Sunday, March 3, 2013
You know that idiom about curiosity and what it does to cats? Yeah, well, if you ever happen to stumble across an old box of Super 8 film reels in your attic, it's probably best that you smile politely, say "well-played," then pack up the family and get the hell out of there, speed limits be damned.
If Ethan Hawke's character in 2012's fine horror offering, Sinister, had heeded my advice, things would have been a whole lot easier. Then again, we wouldn't have this surprisingly good and creepy movie to give us a cautionary tale about leaving some things alone.
Written by C. Robert Cargill and director Scott Derrickson, Sinister sort caught me by surprise like that old friend you accidentally run into on a sidewalk after eating a delicious pizza. A pleasant surprise, and you feel pretty good about it. The movie kicks right off with a disturbing mystery seen through the lens of a Super 8 film camera. Four hooded figures - a family, one would rightly presume - slowly hung in a tree as a falling branch hoists them up. Scratchy, off-putting ambient music plays as we get an unflinching view of their demise, and it's a mystery as to who they are and why it happened. Months later, true crime writer Ellison Oswald (Hawke) and his family move into the very house where the murders occurred so Oswald can produce his next blockbuster, which he sorely needs. Things aren't easy though: he "forgets" to tell his family about the house's history and the townspeople, like the sheriff (former senator Fred Thompson), don't exactly like his sensationalism in their mourning town.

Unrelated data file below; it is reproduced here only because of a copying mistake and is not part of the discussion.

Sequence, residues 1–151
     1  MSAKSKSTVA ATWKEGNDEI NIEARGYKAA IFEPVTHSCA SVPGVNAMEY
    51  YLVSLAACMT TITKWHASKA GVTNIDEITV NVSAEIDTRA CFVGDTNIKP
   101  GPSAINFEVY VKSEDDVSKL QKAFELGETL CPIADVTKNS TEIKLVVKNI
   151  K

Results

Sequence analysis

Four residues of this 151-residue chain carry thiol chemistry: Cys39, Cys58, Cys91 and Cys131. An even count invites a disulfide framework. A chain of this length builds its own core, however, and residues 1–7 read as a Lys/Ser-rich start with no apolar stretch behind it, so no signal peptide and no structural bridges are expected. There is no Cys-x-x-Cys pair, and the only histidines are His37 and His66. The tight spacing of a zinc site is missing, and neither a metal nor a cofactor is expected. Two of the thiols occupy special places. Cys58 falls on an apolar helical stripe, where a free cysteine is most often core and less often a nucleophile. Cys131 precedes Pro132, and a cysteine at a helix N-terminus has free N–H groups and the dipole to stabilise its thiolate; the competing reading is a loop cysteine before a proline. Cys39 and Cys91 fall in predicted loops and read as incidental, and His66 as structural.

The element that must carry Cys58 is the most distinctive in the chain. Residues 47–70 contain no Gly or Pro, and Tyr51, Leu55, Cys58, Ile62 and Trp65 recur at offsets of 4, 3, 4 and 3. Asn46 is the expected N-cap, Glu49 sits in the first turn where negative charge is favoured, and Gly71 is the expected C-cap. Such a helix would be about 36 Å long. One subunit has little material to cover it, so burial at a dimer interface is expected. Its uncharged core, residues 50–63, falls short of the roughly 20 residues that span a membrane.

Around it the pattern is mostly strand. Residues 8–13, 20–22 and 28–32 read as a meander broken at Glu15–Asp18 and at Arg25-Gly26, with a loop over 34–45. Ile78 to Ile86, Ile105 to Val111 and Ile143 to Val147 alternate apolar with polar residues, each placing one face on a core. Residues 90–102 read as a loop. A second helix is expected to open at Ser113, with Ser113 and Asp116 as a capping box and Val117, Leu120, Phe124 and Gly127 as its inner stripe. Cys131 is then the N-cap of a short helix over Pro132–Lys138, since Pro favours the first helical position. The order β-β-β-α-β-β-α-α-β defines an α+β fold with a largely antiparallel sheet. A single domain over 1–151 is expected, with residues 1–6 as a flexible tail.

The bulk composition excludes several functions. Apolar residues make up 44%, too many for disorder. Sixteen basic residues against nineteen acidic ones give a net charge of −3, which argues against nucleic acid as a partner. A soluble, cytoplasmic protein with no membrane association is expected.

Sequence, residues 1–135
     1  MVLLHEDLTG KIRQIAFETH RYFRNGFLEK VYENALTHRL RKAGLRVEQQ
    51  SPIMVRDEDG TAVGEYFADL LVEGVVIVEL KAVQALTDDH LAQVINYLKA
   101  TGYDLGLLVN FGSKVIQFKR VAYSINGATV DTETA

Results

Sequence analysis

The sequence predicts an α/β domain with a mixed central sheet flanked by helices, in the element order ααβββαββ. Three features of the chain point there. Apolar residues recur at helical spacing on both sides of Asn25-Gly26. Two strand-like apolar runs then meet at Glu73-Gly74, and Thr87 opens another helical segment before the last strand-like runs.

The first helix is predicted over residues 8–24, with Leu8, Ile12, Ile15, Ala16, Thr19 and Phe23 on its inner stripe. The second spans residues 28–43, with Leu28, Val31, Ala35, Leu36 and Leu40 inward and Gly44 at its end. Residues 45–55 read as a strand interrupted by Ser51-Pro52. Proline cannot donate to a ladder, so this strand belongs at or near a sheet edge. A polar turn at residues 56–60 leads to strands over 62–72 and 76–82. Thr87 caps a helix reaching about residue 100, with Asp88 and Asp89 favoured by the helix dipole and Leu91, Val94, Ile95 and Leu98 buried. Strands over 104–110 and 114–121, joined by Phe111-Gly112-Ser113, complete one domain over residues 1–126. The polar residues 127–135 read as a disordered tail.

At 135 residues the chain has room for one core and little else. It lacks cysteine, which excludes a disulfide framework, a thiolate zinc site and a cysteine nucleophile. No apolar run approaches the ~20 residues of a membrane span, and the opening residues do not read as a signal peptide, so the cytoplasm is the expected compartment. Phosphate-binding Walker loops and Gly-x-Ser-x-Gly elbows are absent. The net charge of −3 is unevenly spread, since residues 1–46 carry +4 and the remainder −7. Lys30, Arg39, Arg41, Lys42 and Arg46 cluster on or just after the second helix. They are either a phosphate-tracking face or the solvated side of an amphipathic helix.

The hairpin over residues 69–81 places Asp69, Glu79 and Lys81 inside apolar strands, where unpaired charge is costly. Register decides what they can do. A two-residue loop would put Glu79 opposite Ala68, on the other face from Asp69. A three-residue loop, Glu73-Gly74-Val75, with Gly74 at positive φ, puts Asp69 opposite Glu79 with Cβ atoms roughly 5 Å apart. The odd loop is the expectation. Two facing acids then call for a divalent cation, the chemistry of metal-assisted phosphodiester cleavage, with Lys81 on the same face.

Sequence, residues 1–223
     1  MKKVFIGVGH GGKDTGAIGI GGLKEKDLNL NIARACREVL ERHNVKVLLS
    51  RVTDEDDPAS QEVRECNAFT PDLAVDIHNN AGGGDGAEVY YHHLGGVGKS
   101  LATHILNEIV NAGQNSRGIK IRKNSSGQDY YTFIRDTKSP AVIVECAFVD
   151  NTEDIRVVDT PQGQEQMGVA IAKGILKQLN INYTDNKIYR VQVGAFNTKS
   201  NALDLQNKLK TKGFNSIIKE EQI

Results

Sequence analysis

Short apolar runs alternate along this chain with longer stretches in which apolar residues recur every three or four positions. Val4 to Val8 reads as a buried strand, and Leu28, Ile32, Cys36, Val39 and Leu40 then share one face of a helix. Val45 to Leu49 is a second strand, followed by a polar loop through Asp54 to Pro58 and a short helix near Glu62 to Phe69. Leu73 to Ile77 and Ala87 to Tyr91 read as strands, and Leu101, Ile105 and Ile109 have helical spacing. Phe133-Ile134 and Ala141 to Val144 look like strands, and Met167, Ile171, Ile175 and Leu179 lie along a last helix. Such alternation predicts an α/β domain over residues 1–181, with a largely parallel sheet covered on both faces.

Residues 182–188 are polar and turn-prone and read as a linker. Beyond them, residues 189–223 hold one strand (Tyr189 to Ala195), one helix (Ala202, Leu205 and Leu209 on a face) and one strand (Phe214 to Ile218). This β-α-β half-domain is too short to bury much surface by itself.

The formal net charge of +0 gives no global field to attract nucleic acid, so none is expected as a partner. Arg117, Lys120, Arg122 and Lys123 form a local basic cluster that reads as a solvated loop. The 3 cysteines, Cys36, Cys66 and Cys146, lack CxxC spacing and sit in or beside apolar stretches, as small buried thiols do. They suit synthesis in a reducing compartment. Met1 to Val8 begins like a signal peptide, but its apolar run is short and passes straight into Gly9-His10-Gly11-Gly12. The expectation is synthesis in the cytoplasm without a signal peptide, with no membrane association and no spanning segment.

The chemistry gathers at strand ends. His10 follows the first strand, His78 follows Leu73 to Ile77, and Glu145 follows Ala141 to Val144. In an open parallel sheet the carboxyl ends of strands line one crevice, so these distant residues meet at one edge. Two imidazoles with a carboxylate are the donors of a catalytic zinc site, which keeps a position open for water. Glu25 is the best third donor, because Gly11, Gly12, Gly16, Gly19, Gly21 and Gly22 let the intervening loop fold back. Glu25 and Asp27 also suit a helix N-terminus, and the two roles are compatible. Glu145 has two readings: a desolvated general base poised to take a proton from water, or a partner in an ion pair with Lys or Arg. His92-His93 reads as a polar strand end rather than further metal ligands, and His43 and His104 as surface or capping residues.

Going through the house one night, Oswald finds a box of old Super 8 film canisters labeled with such innocent titles as "Pool Party '66" and "Sleepy Time '98." As he watches them, the sweet scenes turn into horrific ones, as each family is brutally murdered - all but one, as with each tragic event, one child in the family goes missing. At first, the murders don't seem connected, but Oswald becomes obsessed and he's no slouch in the detective department. Much like in The Shining, Oswald becomes more involved with his book and the investigation than his family, who is not adjusting well to the new digs. His daughter wants to go back to their old house and his son's night terrors increase in intensity.
Oswald sees a mysterious figure in one, then all of the videos, presiding over all of the murders. He also uncovers an occult symbol and enlists Professor Jonas (Vincent D'Onofrio) to help decipher it. When he discovers the truth, he pretty much wishes he hadn't asked in the first place. With the help of a local deputy, Oswald puts most of the pieces together and it isn't exactly a yellow brick road from that point onward. Yep, that's right...not gonna spoil it.
I had heard that Sinister was pretty good, and those rumblings were correct. It has a familiar plot - mystery with a family in possibly supernatural danger - but the way in which it's presented delivered for me. The Super 8 shots provide just enough "found footage" that it fills in certain blanks and makes your skin crawl. The ambient sound and music, especially during those scenes, was a highlight. There's a mythology, but the movie didn't get lost in it. It gives you just enough information without going too far with it. Ethan Hawke is quite good as the burned-out writer looking for his comeback, balancing between being excited for juicy new secrets and being horrified by what he sees on the films. It's a creepy film, eschewing the "pretty people" formula of most mainstream horror flicks. I just realized how "hipster" that made me sound, but it's true. It's honestly a step in the right direction. There were a couple moments of "jump scares" that made me utter a slightly disappointed "bah" sound, but other than those, it was very, very effective.
So, hey, moving into a new house? Kids drawing strange pictures on the walls? Find a box of old films in the attic?
Yeah, you might want to get out now.